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Giant panda

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Giant panda
Panda eating bamboo.jpg
Scientific Classification
Subspecies
  • A. m. melanoleuca
  • A. m. qinlingensis

The Giant Panda (Ailuropoda melanoleuca) is a mammal in the Ursidae (bear) family that has a thick white coat of fur with black fur around its eyes, on their ears, snout, legs and shoulders. Pandas are omnivorous bears but have adapted to eating mainly bamboo.

Contents

Anatomy

The Giant Panda's weight can range anywhere between 130 and 270 pounds. Pandas have a thick white coat of fur with black fur around their eyes, on their ears, snout, legs and shoulders. These bear-like creatures have a head and body length of 3 to 4 feet.

Pandas have large flat molars and enlarged wrist bones that act as opposable thumbs. Both of these adaptations are used for crushing and eating bamboo.[1]

Reproduction

Panda cub laying on the ground

Pandas are falsely believed to reproduce poorly. This idea is based upon the panda's reproductive performance of captive pandas failing to fulfill the animal community's hopes. This fact that captive pandas are poor reproducers is not true for the wild panda population though. Wild pandas are known to have thriving reproductive rates which are comparable to that of the American black bear, which is immensely prosperous.

Both male and female pandas reach sexual maturity at around five-and-a-half to six-and-a-half years old. Males seek out several different females who are in heat. These males compete with each other in a contest-like fashion to see who will mate with her. The normal mating season for pandas is during spring and occurs between March and May. During this period, the male and female pandas usually do not associate for more than two to four days. The process of development of the panda fetus takes about 97 to 163 days. Pandas usually give birth to one cub at a time, though twins have been born more frequently when artificial insemination is used. The rate of reproduction for pandas is about one cub every 2 years.

A newborn panda cub is only 4 inches long and weighs about 3 to 5 ounces. Pandas rely greatly upon their mother for the first few months and are usually completely weaned at 8 to 9 months old. The time that the panda cubs usually leave their mother is when the mother conceives again which is around 18 months. A panda's average life span is 10 to 15 years in the wild and up to 30 in captivity.[2]

Ecology

Pandas spend most of their day eating bamboo

Giant Pandas were once found in southern and eastern China, Myanmar (Burma), and also in Vietnam, but today giant pandas have been restricted within temperate forests that are widely dispersed across six mountain ranges in southwestern China in the provinces of Sichuan, Gansu, and Shaanxi; all of which run along the eastern edge of the Tibetan Plateau. These forests are some of the most biologically rich temperate areas on Earth.[3]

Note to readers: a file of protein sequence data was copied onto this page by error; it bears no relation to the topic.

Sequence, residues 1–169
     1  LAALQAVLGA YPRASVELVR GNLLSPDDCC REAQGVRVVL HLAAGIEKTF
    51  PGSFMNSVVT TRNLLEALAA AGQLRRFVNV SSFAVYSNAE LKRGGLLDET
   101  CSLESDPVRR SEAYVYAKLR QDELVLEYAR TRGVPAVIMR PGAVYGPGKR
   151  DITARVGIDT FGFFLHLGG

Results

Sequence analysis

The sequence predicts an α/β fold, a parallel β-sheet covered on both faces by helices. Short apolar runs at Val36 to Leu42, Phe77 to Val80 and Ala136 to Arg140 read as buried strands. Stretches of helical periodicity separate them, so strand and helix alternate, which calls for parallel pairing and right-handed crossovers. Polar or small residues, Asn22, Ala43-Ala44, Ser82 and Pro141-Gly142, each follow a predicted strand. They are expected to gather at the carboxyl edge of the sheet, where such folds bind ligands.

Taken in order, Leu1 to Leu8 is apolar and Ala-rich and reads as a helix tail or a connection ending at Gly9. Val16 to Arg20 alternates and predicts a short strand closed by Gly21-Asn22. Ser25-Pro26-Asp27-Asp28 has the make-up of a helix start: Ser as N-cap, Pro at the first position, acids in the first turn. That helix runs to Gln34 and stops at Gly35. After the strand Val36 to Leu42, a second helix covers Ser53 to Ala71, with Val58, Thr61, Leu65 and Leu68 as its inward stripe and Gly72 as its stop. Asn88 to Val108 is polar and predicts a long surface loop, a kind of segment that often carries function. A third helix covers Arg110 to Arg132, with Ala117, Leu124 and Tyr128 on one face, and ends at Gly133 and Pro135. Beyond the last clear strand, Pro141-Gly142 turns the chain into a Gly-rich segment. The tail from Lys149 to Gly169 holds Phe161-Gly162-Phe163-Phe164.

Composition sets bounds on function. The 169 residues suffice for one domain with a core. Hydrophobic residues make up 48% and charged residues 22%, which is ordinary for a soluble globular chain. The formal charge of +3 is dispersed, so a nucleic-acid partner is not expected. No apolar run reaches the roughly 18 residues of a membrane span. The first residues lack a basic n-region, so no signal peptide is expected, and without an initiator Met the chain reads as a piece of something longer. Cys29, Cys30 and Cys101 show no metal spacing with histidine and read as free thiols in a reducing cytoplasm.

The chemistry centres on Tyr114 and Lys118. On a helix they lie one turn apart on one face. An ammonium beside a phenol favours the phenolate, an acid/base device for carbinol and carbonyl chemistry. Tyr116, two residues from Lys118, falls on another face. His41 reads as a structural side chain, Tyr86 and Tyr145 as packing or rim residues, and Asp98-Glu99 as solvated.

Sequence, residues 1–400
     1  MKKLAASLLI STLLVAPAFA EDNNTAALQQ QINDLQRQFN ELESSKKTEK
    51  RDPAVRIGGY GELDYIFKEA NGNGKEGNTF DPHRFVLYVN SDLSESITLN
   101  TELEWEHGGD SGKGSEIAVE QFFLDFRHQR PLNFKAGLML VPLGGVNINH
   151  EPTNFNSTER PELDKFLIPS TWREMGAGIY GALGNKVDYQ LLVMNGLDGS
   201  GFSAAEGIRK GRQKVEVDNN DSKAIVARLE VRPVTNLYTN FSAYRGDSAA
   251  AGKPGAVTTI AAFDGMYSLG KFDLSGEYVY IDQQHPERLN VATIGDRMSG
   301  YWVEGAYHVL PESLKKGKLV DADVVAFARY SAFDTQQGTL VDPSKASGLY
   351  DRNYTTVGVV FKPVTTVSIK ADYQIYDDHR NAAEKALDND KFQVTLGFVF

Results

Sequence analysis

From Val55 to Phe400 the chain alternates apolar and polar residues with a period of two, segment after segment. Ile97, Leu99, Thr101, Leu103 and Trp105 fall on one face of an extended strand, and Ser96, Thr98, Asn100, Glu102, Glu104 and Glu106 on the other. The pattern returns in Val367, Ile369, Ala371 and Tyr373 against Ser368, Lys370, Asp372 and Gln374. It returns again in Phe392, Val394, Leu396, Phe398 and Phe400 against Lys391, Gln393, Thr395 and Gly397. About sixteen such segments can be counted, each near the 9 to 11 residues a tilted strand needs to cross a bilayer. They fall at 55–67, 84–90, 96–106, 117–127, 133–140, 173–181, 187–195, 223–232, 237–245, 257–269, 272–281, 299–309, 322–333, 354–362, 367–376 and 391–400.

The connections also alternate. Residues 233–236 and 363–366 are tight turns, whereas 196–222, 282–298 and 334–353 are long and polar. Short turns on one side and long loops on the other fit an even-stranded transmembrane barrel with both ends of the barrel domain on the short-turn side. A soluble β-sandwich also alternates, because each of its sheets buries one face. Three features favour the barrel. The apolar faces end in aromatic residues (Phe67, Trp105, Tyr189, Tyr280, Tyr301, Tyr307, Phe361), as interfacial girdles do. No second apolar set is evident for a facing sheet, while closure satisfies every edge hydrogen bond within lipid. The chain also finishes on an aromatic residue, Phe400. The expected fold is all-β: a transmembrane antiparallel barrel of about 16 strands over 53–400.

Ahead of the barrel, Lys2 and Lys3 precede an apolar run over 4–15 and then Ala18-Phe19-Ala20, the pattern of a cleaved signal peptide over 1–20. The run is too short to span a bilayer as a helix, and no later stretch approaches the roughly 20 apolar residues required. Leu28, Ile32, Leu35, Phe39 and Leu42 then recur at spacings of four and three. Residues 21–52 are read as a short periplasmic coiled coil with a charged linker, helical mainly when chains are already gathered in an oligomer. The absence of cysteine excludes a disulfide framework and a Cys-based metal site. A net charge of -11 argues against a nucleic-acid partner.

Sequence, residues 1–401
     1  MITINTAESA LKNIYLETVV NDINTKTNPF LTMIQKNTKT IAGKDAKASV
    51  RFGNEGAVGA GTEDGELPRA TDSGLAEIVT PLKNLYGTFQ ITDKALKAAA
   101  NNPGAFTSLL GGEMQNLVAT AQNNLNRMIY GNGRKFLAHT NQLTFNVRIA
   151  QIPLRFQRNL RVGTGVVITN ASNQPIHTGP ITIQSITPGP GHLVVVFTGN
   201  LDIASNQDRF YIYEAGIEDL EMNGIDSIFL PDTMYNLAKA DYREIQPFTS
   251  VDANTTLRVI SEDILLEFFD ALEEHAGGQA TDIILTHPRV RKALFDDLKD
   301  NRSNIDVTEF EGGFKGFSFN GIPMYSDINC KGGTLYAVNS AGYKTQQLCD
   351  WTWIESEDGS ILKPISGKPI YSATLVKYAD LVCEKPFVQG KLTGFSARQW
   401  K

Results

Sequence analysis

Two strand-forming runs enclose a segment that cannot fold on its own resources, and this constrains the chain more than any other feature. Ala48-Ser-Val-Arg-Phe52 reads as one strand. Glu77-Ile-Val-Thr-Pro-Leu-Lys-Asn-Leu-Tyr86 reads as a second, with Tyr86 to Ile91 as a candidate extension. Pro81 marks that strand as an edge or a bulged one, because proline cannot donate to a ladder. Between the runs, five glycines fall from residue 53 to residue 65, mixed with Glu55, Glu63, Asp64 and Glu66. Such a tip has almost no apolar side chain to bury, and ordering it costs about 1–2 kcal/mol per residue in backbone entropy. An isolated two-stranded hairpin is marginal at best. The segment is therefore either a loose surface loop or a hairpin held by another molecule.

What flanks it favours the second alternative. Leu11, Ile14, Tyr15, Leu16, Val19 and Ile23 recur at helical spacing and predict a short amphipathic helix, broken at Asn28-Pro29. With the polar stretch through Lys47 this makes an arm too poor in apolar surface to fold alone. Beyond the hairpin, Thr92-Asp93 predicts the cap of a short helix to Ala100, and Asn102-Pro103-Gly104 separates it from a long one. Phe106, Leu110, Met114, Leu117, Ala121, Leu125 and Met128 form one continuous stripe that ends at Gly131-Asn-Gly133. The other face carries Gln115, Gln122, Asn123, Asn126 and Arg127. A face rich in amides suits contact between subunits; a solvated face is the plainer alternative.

Although the Giant Panda is labeled taxonomically with the Order carnivora, the panda's diet consists mainly of bamboo. Bamboo comprises 99% of the Great Panda's diet. The Great Panda eats mostly the bamboo stems (Wei et al. (1999)), but the precise percentage that the Giant Panda eats annually is 55% stems, 35% leaves, and 10% shoots. [4] Pandas have adapted to a herbivorous diet and so pandas do not have the proper enzymes to easily break down the cellulose in bamboo, which causes the panda to extract very little energy and protein from it. Because of this fact pandas need to eat massive amounts of food each day, as much as 83 pounds for up to 14 hours. Panda's never stop eating except for sleep, limited travel, or emergencies.[5]

Even though they are primarily herbivorous, pandas still retain decidedly ursine teeth. Pandas will eat meat, eggs, fish, and any other animal product whenever the opportunity arises.[6]

Oppressed Pandas

This map shows where the remaining giant pandas live

Pandas have slowly been dying out. Currently, according to the most recent panda census which was released in 2004, there are 14,000 square miles of the panda's natural environment spread across southwestern China, and only 1,600 pandas are living in it.

The two main threats of extinction for pandas are the loss of their natural environment and also how all of the pandas are scattered across many miles from one another. The pandas have been loosing their habitat because of the constant growth of the human population around them along with large areas of natural forest being cleared away for different purposes.

The panda's range of living has been divided into isolated patches which pandas cannot travel between because of how much time is required for eating. This takes away the pandas control over where they live and where they eat.

Poaching is still an issue for pandas. This is a very serious matter for such an endangered species, but the government has been taking action towards poachers. Some poachers have received the death penalty for this crime.

Pandas are among the most endangered species in the world with as little as 1,600 left. Pandas have been officially listed as an endangered species.[7]

Gallery

References

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